This blog is aimed at those of my fellow seekers who are not familiar with the concept and observance of Pitru Paksha.It is my humble effort to putacross the idea in the simplest way possible and the way I have understood it.
It is believed in Hindu tradition that when a person is born,he is born with three debts-
Deva rina (debt towards god)
Acharya rina(debt towards Guru) and
Pitru rina(debt towards forefathers and elders)
The Pitru Paksha is for remembering the departed ancestors and performing certain rites to clear the Pitru Rina and ensure their salvation(moksha)and our wellbeing.
“Pitru” means ancestors and “Paksha” means lunar period.The fifteen days of the dark fortnight (krishna paksha) of the month of Bhadrapada (according to the lunar calendar) or the month of Ashwin (according to the solar calendar)is considered Pitru Paksha- an ideal period for performing Pindadaan,Sharaddh and Tarpan for the forefathers.
Although these rites are to be carried out daily during this fortnight, it is considered that to perform them on the last day i.e. Mahalaya Amavasya or Sarva Pitru Amavasya,the most important and highly sacred day is as fruitful as one conducted in the holy city of Gaya or Varanasi.
The legend underlying the choice of this particular fortnight has its origin in the epic Mahabharata.
Karna,who was famous for his generosity had donated all riches to the needy but not food.Also he had failed to perform the shraddha for his ancestors.
As a result when he met his end in the war and went to the Pitru loka,governed by Yama,the god of Death,he was unable to get any food.
He then came back to the earth by the grace of Yama during this particular fortnight,did the needful and returned to the higher regions.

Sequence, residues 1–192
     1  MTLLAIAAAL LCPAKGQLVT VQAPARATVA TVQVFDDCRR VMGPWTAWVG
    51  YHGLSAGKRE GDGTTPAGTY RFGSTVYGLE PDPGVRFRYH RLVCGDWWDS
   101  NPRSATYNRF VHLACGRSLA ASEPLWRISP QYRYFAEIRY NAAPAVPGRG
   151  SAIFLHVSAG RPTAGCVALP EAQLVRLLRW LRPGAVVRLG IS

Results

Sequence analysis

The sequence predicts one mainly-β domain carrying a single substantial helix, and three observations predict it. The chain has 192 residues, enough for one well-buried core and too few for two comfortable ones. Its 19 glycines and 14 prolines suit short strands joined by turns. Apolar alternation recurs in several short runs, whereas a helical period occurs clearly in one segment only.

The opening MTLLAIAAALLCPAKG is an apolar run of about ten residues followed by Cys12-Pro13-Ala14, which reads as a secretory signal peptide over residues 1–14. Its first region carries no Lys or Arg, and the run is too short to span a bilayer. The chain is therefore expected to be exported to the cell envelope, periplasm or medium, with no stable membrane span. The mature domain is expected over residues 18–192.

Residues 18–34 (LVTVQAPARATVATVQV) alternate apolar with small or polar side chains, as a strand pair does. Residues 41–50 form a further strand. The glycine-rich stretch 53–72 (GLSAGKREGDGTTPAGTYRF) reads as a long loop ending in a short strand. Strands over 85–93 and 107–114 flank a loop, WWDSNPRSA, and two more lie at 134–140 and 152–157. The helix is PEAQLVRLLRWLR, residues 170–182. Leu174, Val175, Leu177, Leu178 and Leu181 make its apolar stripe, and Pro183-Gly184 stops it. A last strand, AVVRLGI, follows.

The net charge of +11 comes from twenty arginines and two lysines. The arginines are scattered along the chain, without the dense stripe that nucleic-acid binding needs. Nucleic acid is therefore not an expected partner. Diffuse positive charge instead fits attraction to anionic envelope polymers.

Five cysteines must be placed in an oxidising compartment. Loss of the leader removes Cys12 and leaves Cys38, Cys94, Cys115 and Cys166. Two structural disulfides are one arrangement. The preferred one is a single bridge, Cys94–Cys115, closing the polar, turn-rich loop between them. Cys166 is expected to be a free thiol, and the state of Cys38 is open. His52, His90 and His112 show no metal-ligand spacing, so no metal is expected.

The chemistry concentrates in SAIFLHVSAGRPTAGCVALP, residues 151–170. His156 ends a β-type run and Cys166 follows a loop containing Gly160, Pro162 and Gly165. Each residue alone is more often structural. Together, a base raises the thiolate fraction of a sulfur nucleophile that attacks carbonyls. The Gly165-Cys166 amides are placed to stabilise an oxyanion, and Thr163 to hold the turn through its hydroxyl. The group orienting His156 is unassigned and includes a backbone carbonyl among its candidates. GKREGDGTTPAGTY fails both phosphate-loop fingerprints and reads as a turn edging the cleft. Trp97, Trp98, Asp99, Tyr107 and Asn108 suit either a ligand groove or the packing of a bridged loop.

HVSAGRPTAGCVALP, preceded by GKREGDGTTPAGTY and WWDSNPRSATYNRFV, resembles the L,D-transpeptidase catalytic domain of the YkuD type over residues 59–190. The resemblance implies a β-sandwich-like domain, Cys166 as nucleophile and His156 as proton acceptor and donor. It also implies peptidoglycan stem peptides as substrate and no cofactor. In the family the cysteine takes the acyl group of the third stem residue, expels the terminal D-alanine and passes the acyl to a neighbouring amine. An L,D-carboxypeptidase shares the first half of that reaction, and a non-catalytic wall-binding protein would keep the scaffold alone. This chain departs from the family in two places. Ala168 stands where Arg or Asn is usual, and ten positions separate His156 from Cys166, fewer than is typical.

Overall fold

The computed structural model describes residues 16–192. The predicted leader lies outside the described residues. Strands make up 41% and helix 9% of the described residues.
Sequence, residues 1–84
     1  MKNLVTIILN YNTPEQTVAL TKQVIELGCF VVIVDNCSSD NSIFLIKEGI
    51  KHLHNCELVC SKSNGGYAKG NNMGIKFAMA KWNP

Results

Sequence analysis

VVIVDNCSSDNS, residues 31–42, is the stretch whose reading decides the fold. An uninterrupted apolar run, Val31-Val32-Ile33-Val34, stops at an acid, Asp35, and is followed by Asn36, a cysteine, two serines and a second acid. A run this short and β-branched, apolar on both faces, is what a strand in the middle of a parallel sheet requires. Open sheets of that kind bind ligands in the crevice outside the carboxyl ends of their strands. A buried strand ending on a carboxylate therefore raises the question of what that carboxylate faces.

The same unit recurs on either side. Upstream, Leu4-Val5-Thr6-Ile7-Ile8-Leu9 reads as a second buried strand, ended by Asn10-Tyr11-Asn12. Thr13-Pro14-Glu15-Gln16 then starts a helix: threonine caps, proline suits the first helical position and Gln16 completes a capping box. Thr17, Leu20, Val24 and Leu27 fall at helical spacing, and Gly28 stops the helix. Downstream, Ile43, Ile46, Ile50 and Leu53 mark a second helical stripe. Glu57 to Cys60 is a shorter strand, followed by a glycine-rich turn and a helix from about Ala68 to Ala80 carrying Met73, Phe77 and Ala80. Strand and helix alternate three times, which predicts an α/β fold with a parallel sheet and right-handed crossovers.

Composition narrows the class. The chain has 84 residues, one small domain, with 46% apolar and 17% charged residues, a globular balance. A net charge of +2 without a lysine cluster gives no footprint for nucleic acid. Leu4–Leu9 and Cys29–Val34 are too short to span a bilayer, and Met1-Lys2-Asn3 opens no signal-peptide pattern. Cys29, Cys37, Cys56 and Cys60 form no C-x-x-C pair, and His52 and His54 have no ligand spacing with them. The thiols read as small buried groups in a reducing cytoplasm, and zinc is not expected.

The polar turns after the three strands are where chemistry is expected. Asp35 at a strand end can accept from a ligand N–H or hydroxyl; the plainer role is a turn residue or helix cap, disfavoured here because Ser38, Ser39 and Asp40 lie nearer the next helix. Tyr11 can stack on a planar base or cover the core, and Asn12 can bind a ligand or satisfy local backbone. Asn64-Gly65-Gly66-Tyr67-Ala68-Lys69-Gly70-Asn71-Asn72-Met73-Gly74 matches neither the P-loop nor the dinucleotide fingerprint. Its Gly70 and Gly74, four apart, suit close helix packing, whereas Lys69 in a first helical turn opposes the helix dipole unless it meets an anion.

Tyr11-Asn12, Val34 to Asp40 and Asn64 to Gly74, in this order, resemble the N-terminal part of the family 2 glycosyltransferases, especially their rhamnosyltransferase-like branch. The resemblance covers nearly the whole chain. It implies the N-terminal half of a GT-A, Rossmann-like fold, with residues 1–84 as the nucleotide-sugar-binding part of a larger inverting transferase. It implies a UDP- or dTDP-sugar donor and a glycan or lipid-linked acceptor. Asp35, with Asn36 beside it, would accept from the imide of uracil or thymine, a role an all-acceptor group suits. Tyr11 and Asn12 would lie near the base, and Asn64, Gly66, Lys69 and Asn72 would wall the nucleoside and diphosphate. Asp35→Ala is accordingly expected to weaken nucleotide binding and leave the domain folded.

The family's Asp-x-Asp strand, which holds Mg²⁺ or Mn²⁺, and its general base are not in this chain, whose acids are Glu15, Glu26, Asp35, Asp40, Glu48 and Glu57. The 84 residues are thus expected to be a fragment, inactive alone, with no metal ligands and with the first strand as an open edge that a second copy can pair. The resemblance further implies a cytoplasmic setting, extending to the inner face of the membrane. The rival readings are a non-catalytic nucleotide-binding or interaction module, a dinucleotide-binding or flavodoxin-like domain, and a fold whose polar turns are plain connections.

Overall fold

Since then Annadaana forms a a major part of this ritual.
Pitru tarpanam/tarpan is another significant part of this rite wherein the person remembers his ancestors. It could be departed parents, grandparents, great-grandparents..so on and offers food and water to the departed souls in the presence of a priest.
Apart from these there is Pinda danaa, wherein riceballs made with ghee and sesame(black til) placed on a banana leaf are offered to the ancestors.If a crow arrives and eats up the offering,it is assumed that it has been accepted by the departed souls and they have bestowed their blessings on their descendents.Food is offered to a cow too.
The meal for the ritual consists mainly of rice,dal,a vegetable made of yellow pumpkin,apart from other items and kheer.
Priests are also offered food and dakshina(cash).
Since the present generation is the bridge between the past(ancestors) and future(the coming generation),the performance of these rites is said to ensure the well being of all the three.It is believed that non performance may lead “Pitru Dosha” resulting in various problems like loss of money,progeny,frequent quarrels at home,ill health and so on.
Since this period is dedicated for the performance of post-death rites,no auspicious activities are conducted either at the temples or households during this fortnight.No new business ventures are started during this period
It may be slightly difficult for some of us to accept these traditions and beliefs in this era of logic and “show me the proof” kind of attitude.
But the one fact that stands out here is,apart from religious significance it is relevent in the modern era too,in a practical way.
We remember the loved ones that we lost,we feed not only the needy but also birds and animals and we tend to be charitable,in their memory.
Are these values not relevent and meaningful even today??